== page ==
All this assumes that you are available to have these conversations. Be careful, because the time when you may be the busiest with career or other responsibilities may also be the time one or more adolescents at home most need your input. If you're too overworked, overcommitted and overtired to keep tabs on the home front, you may wake up one day to find a major drug problem on your doorstep.

5. Don't allow your child or adolescent to go to a party, sleepover or other activity that isn't supervised by someone you trust. Don't blindly assume that the presence of a grown-up guarantees a safe environment. Get to know the parents of your kids' friends. Make certain your children know you will pick them up anytime, anywhere – no questions asked — if they find themselves in a situation where alcohol or drugs are being used. And be sure to praise them for a wise and mature decision if they call you for help.

6. Have the courage to curtail your child's or adolescent's contact with drug users. The epidemic of drug abuse spreads person to person. Whether a recent acquaintance or a long-term bosom buddy, if one (or more) of your teenager's friends is known to be actively using alcohol and/or drugs, you must impose restrictions on the relationship. You might, for example, stipulate that your adolescent can spend time with that person only in your home — without any closed doors and only when you are around.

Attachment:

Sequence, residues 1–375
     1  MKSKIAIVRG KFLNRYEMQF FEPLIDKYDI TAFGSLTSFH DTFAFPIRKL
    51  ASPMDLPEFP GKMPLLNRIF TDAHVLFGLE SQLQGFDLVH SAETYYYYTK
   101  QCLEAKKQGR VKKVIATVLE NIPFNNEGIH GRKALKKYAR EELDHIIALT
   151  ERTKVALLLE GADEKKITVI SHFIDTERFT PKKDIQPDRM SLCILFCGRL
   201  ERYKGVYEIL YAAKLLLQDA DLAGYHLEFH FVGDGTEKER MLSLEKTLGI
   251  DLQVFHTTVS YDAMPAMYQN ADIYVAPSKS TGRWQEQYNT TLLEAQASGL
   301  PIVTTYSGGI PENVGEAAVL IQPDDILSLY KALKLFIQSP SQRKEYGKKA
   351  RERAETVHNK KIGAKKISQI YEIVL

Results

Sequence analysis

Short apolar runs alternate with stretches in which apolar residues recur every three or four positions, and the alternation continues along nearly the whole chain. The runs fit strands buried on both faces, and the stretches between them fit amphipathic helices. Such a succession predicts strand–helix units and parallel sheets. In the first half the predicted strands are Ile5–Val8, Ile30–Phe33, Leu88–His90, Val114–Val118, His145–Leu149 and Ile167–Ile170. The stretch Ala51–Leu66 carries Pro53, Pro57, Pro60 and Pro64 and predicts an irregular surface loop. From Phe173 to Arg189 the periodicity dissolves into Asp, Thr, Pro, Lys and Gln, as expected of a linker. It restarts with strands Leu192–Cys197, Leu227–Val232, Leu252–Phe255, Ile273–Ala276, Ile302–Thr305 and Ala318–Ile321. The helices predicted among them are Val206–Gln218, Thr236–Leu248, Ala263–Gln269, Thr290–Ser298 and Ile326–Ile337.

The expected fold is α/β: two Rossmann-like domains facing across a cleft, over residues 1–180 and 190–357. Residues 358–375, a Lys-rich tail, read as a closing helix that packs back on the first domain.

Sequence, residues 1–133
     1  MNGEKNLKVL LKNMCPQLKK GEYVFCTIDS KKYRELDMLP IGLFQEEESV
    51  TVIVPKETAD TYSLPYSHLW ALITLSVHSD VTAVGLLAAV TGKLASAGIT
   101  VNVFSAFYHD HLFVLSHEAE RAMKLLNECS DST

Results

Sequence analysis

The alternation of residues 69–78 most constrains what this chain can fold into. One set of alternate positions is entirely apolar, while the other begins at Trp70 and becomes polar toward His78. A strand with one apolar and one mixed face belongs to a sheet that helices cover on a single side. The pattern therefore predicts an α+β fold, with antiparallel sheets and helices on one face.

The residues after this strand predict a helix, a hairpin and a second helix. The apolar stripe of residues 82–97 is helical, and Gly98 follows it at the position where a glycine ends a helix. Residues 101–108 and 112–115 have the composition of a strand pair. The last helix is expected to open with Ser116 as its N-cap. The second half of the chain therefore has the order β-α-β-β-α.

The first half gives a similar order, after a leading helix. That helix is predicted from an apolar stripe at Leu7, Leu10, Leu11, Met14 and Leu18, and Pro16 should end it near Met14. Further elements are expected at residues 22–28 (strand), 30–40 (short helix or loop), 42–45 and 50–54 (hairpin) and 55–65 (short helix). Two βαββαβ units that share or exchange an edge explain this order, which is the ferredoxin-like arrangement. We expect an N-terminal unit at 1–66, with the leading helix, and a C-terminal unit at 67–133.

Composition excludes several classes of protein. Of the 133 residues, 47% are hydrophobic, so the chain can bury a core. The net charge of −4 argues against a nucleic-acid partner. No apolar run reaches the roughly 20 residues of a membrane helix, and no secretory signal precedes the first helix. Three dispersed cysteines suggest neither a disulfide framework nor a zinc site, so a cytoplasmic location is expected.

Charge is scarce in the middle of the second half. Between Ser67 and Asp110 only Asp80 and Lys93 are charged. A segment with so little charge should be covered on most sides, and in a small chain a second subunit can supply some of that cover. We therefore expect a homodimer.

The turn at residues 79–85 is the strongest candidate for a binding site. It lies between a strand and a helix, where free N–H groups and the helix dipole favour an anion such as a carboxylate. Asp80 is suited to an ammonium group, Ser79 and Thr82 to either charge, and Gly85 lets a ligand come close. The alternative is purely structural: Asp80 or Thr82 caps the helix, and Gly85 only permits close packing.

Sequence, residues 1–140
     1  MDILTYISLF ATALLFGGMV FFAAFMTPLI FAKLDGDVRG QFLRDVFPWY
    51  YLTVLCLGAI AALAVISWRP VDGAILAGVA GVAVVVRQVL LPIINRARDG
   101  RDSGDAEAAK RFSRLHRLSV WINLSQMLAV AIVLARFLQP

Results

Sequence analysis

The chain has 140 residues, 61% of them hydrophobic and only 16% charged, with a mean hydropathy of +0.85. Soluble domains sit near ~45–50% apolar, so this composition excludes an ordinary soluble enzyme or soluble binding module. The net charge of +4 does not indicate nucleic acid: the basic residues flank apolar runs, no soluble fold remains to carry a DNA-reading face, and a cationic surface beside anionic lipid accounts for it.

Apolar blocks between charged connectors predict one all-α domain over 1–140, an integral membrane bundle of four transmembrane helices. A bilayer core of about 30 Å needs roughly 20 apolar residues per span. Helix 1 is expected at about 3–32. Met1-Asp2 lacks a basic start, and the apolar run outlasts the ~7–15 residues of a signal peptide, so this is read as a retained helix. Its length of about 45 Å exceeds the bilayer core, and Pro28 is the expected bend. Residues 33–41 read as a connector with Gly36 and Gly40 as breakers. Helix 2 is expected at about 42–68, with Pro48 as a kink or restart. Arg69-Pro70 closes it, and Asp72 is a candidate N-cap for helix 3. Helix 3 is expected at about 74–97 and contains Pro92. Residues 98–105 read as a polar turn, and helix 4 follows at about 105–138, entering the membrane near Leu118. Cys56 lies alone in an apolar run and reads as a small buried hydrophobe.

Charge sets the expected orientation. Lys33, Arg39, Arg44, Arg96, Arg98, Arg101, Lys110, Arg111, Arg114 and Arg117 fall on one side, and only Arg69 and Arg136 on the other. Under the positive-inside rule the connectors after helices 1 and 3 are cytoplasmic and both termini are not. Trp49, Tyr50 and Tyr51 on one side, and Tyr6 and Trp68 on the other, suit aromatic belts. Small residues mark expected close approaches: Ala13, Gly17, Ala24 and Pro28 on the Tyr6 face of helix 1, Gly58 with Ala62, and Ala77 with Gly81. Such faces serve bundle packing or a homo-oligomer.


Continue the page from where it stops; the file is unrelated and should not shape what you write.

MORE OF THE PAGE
However, even with these limits in place, you will need to keep track of who is influencing whom. If your family is reaching out to a troubled adolescent and helping to move him toward healthier decisions, keep up the good work. But if there is any sign that the drug-using friend is pulling your teenager toward this lifestyle, declare a quarantine immediately. By all means, if your teenager feels called to help a friend climb out of a drug quagmire, don't allow him to try it alone. Work as a team to direct that person toward a recovery program.

7. Create significant consequences to discourage alcohol and drug use. Teenagers may not be scared off by facts, figures and gory details. Even the most ominous warnings may not override an adolescent's belief in her own immortality, especially when other compelling emotions such as the need for peer acceptance are operating at full throttle.

You can improve the odds for your child by making it clear that you consider the use of cigarettes, alcohol or illegal drugs a very serious matter. Careful judgment regarding punishments will be necessary, of course. If your adolescent confesses that she tried a cigarette or a beer at a party and expresses an appropriate resolve to avoid a repeat performance, a heart-to-heart conversation and encouragement would be far more appropriate than summarily grounding her for six months.

But if your warnings repeatedly go unheeded, you will need to establish and enforce some meaningful consequences. Loss of driving, dating or even phone privileges for an extended period of time may be in order. You can make the bitter pill less threatening by pointing out the following:

  • He can easily avoid the penalty by staying clear of drugs and the people who use them.
  • Consistent responsible behavior will lead to more privileges and independence. Irresponsible behavior will lead to decreased independence and more parental control.
  • The drastic consequence can be used as a reason to get away from a bad situation. If a friend starts to exert pressure on your child to smoke, drink, or use drugs he can say, "Sorry, but I don't want to be stuck without transportation for the next six months."
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Adapted from the Complete Guide to Family Health, Nutrition & Fitness, a Focus on the Family book published by Tyndale House Publishers, Inc. Copyright © 2006, Tyndale House Publishers, Inc. All rights reserved. International copyright secured. Used by permission.

Next in this Series: What if a Drug Problem Has Already Developed?